together, Tunji and Marshall, and the LDB (lowdown
brass band), came in later on that week and laid their
parts.

A-Ski: Also the cover of “Forty Days” is beautiful and with a very different approach, what inspired you guys to tackle this classic?

Andy: This is one of my favorite records of all time
very grimy and very polished at the same time. I had done
some studio work with ZZaje before and I felt that they
would not only pay respect to the original song while making it
their own.

A-Ski: If you were on a deserted island and you had to the choice of grabbing 5 records, which ones would they be?

Andy: Jesse Gould-Out of Work, Stevie Wonder– Black Man, First Choice- Love Having You Around, Earth, Wind, And Fire-Fantasy, Fair but So Uncool, Minnie Ripperton-Memory Lane

A-Ski: Any tour dates?

Andy: As of now, no, but we are in the process of
putting one together for winter 2009

A-Ski: Whats the ultimate mission of BSTC?

Andy: For everyone to enjoy music TOGETHER!!

www.myspace.com/bstcollective

www.allnaturalhiphop.com

Album Review- BSTC: Music for a Saturday Evening

Time and time again we discuss the controversial term “Neo-Soul”. The whole idea of Nu-Soul is somewhat irritating because it’s like buying a fake Coach bag when you can get the original. While a fake is often cheaper, it never quite lasts. Some artists understand that it’s not about trying to be something that you are not it’s about being who you are. That’s what makes the BSTC “Music for a Saturday Evening” album so beautiful. You cannot put this group under one title or genre, you know this immediately when you hear the Intro and track one “BSTC”, where the gospel organ takes you back to Mississippi juke joints and holly rolling evangelists. This “baptism by the bass” sets the stage for the journey to come almost as if Bootsy Collins is driving the bus and we’re all aboard. I snobbishly labeled track three “Love featuring JL” as sounding too R &B until I found Samba undertones pulling me out of my seat. If you’re like me, while you’re up you should grab your partner because track four makes you want to turn on the red light and find a nice spot against the wall to get your wind on. “Fresh Love” immediately reminds you of the House yet two stepping roots of these Chicago natives. “Venus and Mars” is tangled with electronic broken beats but again laced by the organic sounds of percussion and keys. The slow jams “Fly away” and “Love and Lust” allow just enough time to catch your breath before your Saturday night endeavors. “Agua De Beber”, “Afrika”, and “Suffering and Smiling” my personal favorites, conjure the spirits of Deodato, Santana, and Fela Kuti causing your hips to effortlessly take over. “Jazz in Outer Space’s” old school hip-hop swing will transmit you back to high top fades and Cross-Color jeans. Yet the last two jams “Forty Days” and “Mr. AC” remind you that you’re all grown and ready to take over the world. As their first album release, BSTC put it down! They define themselves and being indefinable, which is lovely because as a great man stated “I cannot be contained in the space of the earth, I cannot be contained in the space of the heavens, but I can be contained in the heart of my loving servant.”In this case BSTC are loving servants to the music.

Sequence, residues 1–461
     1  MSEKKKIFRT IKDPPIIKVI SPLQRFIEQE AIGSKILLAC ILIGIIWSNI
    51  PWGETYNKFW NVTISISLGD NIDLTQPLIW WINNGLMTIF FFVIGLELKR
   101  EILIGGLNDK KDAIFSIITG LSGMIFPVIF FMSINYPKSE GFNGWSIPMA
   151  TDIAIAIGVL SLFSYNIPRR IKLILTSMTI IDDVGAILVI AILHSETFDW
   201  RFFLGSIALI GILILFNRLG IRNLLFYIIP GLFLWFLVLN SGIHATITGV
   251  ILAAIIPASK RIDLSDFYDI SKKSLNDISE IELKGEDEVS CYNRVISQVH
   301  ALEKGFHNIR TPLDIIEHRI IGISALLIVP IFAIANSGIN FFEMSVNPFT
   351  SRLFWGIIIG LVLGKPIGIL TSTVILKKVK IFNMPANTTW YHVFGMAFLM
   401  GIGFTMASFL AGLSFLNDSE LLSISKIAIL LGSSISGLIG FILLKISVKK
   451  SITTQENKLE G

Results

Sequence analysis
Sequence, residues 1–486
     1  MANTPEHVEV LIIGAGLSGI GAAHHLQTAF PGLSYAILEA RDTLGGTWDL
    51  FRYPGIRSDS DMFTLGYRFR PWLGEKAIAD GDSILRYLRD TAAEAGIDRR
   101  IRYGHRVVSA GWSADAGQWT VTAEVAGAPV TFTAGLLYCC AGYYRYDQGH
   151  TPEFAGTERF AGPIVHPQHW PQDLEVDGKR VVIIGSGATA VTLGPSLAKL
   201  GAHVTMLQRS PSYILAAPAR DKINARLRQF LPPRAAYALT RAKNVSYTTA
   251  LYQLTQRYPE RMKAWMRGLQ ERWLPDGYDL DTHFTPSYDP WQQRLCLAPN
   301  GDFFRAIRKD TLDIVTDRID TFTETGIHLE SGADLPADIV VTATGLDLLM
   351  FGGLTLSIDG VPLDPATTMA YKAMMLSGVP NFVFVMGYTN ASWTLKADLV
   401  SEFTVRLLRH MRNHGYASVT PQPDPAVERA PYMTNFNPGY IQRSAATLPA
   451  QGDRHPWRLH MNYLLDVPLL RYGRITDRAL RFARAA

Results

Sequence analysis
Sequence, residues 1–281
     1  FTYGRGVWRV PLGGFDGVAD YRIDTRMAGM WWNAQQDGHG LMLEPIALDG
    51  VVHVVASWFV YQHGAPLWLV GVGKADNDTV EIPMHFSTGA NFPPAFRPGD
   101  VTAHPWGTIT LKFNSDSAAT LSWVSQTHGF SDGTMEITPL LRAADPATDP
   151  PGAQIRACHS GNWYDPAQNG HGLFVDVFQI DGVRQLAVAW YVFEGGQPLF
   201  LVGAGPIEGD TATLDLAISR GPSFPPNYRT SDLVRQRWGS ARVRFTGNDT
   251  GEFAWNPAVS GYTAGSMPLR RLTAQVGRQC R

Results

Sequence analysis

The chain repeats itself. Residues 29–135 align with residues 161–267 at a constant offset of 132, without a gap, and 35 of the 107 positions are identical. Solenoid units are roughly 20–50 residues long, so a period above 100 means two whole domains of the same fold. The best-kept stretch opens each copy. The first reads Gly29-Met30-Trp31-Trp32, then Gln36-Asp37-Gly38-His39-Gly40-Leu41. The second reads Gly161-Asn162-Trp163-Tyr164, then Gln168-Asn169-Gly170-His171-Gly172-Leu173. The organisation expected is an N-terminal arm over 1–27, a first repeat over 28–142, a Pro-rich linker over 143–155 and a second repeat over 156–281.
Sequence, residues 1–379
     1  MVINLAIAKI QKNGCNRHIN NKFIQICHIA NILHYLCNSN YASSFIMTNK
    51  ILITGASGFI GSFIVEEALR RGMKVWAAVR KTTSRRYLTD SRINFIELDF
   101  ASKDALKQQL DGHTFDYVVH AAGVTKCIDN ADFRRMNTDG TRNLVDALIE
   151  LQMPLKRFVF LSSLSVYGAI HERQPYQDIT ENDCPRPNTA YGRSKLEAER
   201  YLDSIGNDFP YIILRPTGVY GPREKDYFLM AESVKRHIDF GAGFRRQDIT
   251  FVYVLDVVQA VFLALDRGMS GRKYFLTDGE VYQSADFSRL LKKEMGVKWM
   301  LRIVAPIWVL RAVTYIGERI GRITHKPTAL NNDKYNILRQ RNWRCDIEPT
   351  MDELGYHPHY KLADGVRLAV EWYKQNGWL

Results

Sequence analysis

Courtesy of Dj Lotuspetal 
www.soundwordpower.blogspot.com  
www.djlotuspetal.podomatic.com